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Nanometre 'fuses' for high-performance batteries

9 March 10 17:17 GMT

Minuscule tubes coated with a chemical fuel can act as a power source with 100 times more electrical power by weight than conventional batteries.

As these nano-scale "fuses" burn, they drive an electrical current along their length at staggering speeds.

The never-before-seen phenomenon could lead to a raft of energy applications.

Researchers reporting in Nature Materials say that unlike normal batteries, the nanotubes never lose their stored energy if left to sit.

The team, led by Michael Strano of the Massachusetts Institute of Technology, coated their nanotubes - cylinders just billionths of a metre across - with a chemical fuel known as cyclotrimethylene trinitramine.

"One property that nanotubes have is that they conduct heat very, very well along their length, up to a hundred times faster than in metals," Dr Strano told BBC News.

"We asked what would happen if you perform a chemical reaction near one of these, and the first thing we found is the nanotube will guide the reaction, accelerating it up to 10,000 times."

The team used a laser or an electric spark to set off the reaction in a bundle of coated carbon nanotubes, filming the results using a high-speed camera.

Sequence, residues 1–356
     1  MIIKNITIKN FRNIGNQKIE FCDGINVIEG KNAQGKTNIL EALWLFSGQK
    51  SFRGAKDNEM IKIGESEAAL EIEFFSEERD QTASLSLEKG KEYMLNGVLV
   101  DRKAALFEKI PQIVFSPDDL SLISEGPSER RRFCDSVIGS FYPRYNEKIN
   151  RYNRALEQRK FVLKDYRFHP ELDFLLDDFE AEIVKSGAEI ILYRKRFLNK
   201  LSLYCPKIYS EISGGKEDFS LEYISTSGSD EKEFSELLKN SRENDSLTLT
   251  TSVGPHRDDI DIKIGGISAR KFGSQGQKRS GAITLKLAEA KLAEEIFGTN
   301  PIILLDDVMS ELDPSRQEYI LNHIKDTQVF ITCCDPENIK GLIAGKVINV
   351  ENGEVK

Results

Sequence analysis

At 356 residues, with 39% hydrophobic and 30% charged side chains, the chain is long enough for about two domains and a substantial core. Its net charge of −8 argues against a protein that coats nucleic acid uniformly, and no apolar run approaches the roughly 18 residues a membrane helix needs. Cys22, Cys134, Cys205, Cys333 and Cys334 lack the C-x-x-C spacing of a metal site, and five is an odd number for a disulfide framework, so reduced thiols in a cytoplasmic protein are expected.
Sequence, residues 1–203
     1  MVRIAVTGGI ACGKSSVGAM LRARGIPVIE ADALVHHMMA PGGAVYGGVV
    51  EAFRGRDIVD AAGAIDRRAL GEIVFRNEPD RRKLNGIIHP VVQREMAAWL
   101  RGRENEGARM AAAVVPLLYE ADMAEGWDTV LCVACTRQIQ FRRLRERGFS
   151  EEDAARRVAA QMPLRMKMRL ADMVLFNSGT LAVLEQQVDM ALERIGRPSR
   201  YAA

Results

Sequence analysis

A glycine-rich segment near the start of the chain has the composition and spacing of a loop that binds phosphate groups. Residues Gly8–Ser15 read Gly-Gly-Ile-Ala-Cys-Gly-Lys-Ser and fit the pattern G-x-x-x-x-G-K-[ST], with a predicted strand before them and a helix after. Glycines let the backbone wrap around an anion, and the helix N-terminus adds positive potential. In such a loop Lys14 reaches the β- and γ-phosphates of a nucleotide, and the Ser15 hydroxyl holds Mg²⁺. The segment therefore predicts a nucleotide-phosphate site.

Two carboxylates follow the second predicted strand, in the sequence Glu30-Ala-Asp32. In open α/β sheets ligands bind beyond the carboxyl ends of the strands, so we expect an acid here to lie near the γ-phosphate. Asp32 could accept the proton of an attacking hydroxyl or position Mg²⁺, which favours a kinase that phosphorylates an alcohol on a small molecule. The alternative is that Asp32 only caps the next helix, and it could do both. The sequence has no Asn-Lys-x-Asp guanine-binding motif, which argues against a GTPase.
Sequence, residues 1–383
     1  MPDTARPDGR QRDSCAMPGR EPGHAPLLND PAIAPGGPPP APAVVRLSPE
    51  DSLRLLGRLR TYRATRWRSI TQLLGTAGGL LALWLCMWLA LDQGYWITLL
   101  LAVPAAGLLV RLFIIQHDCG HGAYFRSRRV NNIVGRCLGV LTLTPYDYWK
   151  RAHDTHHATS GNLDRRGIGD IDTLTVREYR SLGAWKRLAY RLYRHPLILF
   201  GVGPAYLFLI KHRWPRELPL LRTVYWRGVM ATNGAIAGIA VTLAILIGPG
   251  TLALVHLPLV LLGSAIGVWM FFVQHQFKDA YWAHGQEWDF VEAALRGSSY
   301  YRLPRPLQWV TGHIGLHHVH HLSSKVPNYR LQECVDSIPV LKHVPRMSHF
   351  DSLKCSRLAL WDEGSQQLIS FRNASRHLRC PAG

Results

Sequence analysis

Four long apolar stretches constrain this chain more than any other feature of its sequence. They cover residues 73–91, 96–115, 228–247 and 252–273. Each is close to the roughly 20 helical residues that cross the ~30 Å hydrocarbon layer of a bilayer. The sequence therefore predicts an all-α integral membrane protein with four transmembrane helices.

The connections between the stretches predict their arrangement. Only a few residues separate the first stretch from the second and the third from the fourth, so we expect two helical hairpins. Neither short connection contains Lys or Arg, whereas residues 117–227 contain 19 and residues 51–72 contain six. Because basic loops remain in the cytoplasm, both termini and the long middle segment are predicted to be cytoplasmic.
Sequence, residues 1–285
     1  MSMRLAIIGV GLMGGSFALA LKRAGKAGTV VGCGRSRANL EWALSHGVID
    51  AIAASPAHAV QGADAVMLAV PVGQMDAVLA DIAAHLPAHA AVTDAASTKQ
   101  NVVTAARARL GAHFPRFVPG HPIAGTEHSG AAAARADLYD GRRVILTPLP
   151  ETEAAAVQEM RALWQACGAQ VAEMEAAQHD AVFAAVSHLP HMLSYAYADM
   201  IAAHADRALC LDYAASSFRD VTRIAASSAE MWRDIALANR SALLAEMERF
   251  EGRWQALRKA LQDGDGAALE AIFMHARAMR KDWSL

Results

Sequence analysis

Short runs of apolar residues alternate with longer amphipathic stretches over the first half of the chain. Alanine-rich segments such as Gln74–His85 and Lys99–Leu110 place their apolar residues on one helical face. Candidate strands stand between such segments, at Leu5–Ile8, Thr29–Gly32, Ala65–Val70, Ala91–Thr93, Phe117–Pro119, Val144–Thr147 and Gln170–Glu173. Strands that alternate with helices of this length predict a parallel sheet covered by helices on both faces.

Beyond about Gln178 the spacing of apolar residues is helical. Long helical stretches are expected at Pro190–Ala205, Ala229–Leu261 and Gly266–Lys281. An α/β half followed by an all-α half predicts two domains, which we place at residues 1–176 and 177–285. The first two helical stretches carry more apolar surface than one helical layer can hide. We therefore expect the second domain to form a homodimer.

But they also found that, through a mechanism that is still poorly understood, the process creates a useful voltage - a phenomenon they have dubbed "thermopower waves".

Their nanotube bundles carry, gram for gram, up to 100 times as much energy as a standard lithium-ion battery.

Since just a tiny amount of energy is needed to start the reaction before it becomes self-sustaining, Dr Strano says it could be initiated in a small device with the energy in the push of a finger.

And unlike standard batteries, the stored energy would not leak away over time, and requires none of the toxic, non-renewable metals in many batteries.

The current implementation is for a one-time use, but Dr Strano says he believes the approach could be adapted to a system in which the fuel is doused over the nanotubes after the initial fuel supply is burned and converted into electrical energy.

"I'm interested in the fuel cell concept," he said. "The conventional fuel cell has been around since the 1800s but corrosive fuels, catalytic deactivation and complexity have been a hurdle.

"From an engineering standpoint, thermopower waves could be a very simple alternative."

For the team, however, the first task is to understand just what is going on in the nanotubes, whose mechanical and electrical properties continue to surprise researchers in a number of fields.

"What we've discovered is more than just a replacement for batteries," Dr Strano said.

"To our knowledge, it's a new scientific area for research. There are many, many questions about these waves: what their limits are what the applications might be."

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